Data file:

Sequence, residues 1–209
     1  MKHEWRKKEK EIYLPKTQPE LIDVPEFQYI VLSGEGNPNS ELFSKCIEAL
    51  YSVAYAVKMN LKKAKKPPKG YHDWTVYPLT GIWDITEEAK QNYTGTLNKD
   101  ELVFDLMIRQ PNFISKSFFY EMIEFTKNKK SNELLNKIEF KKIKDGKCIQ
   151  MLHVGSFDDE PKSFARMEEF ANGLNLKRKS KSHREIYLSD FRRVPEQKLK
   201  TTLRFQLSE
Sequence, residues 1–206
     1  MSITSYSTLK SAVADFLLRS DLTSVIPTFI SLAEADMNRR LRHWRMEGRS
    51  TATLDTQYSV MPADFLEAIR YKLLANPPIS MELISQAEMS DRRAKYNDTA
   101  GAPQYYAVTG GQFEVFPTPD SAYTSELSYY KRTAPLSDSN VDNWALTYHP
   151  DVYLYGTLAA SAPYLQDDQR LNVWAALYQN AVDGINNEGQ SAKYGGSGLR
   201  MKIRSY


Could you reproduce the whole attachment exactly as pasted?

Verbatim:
Sequence, residues 1–209
     1  MKHEWRKKEK EIYLPKTQPE LIDVPEFQYI VLSGEGNPNS ELFSKCIEAL
    51  YSVAYAVKMN LKKAKKPPKG YHDWTVYPLT GIWDITEEAK QNYTGTLNKD
   101  ELVFDLMIRQ PNFISKSFFY EMIEFTKNKK SNELLNKIEF KKIKDGKCIQ
   151  MLHVGSFDDE PKSFARMEEF ANGLNLKRKS KSHREIYLSD FRRVPEQKLK
   201  TTLRFQLSE
Sequence, residues 1–206
     1  MSITSYSTLK SAVADFLLRS DLTSVIPTFI SLAEADMNRR LRHWRMEGRS
    51  TATLDTQYSV MPADFLEAIR YKLLANPPIS MELISQAEMS DRRAKYNDTA
   101  GAPQYYAVTG GQFEVFPTPD SAYTSELSYY KRTAPLSDSN VDNWALTYHP
   151  DVYLYGTLAA SAPYLQDDQR LNVWAALYQN AVDGINNEGQ SAKYGGSGLR
   201  MKIRSY